Extensive research has shown that the variability of organismal behavior is great when contingent reinforcement is delayed, small, or improbable. This research has generally employed stable response-reinforcer relationships, and therefore is limited in its explanatory scope with respect to a dynamic environment. We conducted two experiments to investigate whether pigeons' conditioned pecking behavior shows anticipatory or perseverative patterns of behavioral variability when the reinforcement probability reliably changes within experimental sessions...
September 2016: Learning & Behavior
Anne Gast, Florian Kattner
Evaluative conditioning (EC) is a change in the valence of a conditioned stimulus (CS) due to previous pairing with an affective unconditioned stimulus (US). Several previous studies indicate that EC is related to memory of the CS-US pairs. Previous studies, however, typically cannot distinguish between the influence of CS-US knowledge during measurement and during encoding. In addition, by measuring rather than manipulating memory, they do not test the causal effect of memory on EC. The present study employed a "directed forgetting" procedure to the EC paradigm instructing participants to either forget or remember certain CS-US pairs...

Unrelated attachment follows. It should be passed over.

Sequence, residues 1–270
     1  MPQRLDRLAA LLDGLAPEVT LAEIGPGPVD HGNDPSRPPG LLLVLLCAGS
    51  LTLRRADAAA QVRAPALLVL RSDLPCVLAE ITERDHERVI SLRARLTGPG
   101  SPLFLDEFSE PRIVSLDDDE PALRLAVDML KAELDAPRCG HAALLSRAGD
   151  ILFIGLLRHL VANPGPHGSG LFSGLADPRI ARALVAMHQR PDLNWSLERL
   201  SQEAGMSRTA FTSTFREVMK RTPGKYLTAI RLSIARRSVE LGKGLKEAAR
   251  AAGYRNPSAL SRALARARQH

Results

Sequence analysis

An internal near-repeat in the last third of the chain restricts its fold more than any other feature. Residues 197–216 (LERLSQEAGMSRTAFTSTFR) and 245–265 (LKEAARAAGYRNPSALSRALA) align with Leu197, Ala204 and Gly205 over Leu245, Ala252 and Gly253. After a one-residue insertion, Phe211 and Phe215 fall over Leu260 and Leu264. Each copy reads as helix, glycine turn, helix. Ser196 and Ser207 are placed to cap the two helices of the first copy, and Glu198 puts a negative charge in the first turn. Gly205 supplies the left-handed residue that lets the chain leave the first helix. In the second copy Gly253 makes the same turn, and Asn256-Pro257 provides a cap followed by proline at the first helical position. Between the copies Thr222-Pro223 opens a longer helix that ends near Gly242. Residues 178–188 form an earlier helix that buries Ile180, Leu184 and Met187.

September 2016: Learning & Behavior
Jennifer Vonk
Kano and Hirata (Current Biology, 25, 2513-2517, 2015) recently showed that apes process object and location information and anticipate the repeated presentation of such events in short film clips. Their methodology, using eyetracking, can provide a foundation for further explications of long-term prospective and episodic memory in nonverbal species.
September 2016: Learning & Behavior
Javier Bustamante, Metin Uengoer, Anna Thorwart, Harald Lachnit
In two human predictive-learning experiments, we investigated the effects of extinction in multiple contexts on the rate of extinction and the strength of response recovery. In each experiment, participants initially received acquisition training with a target cue in one context, followed by extinction either in a different context (extinction in a single context) or in three different contexts (extinction in multiple contexts). The results of both experiments showed that conducting extinction in multiple contexts led to higher levels of responding during extinction than did extinction in a single context...
September 2016: Learning & Behavior
K Marinka Gadzichowski, Kelly Kapalka, Robert Pasnak